Battle Incidents and Anecdotes 



One inch diameter lead balls found on the battlefield.

The balls were found in the mid 1970's behind the Confederate line. Their presence was a mystery until I found a reference to them in a history of the Richmond Light Infantry Blues. This company, part of the 46th Virginia, was stationed on the Confederate left. The historian of the unit stated "Soon they commenced throwing grape at us and our captain ordered us to fall back but finding that in doing so we came directly in range of their guns, he then ordered us to the front."

Epaulette taken from the body of O. Jennings Wise after his death on Roanoke Island.

A piece of Captain O.J. Wise's Coat. From a framed display that probably hung in a northern Grand Army of the Republic meeting room.

Captain O. Jennings Wise commanded the Richmond Light Infantry Blues of the 46th Virginia at the battle of Roanoke Island. He was the son of General Henry A. Wise who was in overall command. Captain Wise, wearing a conspicuous red blanket over his shoulders for a misplaced overcoat was shot in the wrist early in the battle. He wrapped a bandage around his wound and continued to lead his men. Late in the conflict he received a gunshot wound to the breast and was being carried to the rear when he was shot three more times. Mortally wounded, Wise was put in a boat to be taken to his father in Nags Head when soldiers of  the Hawkins Zouaves fired on the party and struck him again. He died in the hands of Union surgeons.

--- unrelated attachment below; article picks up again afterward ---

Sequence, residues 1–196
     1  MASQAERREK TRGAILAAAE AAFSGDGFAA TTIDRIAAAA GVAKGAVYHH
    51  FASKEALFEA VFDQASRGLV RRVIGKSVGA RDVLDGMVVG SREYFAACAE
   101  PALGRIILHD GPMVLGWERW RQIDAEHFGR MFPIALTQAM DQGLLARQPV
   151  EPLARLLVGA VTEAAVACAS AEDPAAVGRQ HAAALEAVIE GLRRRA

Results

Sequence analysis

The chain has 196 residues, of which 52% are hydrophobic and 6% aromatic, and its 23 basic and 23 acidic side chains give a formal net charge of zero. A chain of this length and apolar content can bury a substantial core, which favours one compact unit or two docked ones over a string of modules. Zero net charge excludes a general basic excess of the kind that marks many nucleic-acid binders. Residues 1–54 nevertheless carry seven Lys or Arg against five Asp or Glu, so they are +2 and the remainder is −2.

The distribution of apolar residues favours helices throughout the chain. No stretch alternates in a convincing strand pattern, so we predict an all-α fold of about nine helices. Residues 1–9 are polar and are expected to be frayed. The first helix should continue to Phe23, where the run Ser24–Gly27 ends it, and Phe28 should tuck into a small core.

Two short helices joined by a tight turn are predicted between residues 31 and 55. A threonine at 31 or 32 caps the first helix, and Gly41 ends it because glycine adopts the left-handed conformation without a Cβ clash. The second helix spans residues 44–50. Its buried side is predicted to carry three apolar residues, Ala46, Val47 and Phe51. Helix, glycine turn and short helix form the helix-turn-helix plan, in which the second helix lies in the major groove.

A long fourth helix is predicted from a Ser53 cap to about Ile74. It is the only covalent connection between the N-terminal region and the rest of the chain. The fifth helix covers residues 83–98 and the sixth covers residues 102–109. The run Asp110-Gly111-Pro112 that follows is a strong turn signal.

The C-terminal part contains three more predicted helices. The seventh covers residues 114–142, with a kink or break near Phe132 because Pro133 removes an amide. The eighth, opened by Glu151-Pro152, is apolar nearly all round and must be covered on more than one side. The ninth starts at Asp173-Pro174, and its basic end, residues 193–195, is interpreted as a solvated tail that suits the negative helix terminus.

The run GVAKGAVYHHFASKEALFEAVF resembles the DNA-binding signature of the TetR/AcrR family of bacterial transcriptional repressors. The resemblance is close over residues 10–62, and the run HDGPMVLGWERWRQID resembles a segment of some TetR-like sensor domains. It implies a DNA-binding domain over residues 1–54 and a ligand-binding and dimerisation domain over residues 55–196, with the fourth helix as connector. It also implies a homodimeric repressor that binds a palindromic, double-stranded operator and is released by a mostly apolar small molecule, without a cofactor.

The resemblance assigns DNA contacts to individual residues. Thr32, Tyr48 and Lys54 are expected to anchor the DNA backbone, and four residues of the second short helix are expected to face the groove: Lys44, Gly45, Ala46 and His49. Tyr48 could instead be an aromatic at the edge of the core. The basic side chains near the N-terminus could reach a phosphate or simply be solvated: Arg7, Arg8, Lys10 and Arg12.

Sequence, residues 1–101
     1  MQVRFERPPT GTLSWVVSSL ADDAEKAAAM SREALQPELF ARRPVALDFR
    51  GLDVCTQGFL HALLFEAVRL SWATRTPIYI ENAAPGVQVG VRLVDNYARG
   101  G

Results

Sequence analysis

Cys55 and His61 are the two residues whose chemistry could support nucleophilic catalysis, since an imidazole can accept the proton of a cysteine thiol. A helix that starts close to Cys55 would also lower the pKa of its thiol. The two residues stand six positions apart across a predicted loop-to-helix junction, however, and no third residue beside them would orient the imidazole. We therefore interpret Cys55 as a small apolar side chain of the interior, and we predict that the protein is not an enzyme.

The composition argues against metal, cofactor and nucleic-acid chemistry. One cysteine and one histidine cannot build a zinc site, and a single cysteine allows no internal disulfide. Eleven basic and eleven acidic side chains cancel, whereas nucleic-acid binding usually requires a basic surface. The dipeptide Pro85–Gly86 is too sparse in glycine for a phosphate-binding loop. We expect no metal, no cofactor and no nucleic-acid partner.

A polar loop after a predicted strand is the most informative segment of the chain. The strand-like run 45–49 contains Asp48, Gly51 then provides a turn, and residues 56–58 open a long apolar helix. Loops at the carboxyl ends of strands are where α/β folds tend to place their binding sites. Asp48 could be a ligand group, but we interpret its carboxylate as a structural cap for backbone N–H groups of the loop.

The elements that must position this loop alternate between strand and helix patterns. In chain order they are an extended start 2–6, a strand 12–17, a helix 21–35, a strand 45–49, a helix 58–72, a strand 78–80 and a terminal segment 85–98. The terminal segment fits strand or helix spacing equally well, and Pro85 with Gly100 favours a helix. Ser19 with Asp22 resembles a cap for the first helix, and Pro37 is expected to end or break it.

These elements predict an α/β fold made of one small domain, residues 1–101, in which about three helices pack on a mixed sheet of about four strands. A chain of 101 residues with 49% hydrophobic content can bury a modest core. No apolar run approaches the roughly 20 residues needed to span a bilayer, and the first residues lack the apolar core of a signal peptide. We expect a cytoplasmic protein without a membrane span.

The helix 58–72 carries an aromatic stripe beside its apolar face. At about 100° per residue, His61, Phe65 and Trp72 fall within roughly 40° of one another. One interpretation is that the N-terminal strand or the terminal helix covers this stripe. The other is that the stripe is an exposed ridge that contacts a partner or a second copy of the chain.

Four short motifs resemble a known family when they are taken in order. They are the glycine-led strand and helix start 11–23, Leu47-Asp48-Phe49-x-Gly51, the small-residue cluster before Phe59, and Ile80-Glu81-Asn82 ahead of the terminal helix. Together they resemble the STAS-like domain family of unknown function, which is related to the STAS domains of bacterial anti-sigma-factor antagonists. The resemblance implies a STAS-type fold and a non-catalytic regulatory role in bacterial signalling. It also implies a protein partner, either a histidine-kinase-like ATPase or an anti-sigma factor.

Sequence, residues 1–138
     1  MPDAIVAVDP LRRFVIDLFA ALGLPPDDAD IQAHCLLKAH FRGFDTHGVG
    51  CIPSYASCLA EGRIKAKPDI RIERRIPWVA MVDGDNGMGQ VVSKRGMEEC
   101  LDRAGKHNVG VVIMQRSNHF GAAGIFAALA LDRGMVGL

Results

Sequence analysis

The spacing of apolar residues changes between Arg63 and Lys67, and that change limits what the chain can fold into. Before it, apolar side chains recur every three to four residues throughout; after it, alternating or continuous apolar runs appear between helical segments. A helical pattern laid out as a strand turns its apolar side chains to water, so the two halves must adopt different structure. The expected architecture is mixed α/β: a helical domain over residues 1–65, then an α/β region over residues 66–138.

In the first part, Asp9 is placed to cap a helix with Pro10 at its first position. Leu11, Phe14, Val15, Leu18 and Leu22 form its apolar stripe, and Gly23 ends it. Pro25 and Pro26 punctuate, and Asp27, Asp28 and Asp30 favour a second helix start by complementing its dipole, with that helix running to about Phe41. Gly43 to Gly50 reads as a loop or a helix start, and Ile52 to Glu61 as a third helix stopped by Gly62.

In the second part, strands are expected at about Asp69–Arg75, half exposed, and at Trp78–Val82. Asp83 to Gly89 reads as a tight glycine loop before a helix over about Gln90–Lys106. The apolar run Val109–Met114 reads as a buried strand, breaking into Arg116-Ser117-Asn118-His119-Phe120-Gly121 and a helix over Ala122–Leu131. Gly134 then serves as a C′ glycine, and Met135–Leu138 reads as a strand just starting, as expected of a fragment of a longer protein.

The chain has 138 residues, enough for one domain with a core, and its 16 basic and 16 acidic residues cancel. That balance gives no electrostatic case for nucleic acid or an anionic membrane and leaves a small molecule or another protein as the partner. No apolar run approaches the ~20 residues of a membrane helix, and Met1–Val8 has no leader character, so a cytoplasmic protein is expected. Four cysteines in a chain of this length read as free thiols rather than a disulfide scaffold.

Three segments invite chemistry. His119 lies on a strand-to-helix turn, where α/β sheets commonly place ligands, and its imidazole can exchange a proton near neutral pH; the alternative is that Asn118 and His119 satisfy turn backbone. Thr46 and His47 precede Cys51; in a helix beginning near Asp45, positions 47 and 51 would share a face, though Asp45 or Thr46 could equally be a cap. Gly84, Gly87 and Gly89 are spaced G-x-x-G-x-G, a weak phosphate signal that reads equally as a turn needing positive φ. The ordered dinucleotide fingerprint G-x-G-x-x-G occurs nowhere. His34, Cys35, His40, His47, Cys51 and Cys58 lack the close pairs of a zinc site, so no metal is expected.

Carved stock of a model 1842 Harpers Ferry Musket.

Colonel Charles Russell commanded the 10th Connecticut at the battle of Roanoke Island.

Colonel Russell had ordered his men to lie down when their exposed position made them easy targets for the Confederates. The Colonel remained standing while his subordinates implored him to also lie down. Russell finally did and was almost immediately struck by a ball which passed through his right shoulder and pierced his lungs, killing him instantly. The battlefield earthwork was renamed Fort Russell in his honor.

Letter written by Captain William S. Chace Co. E 4th Rhode Island Infantry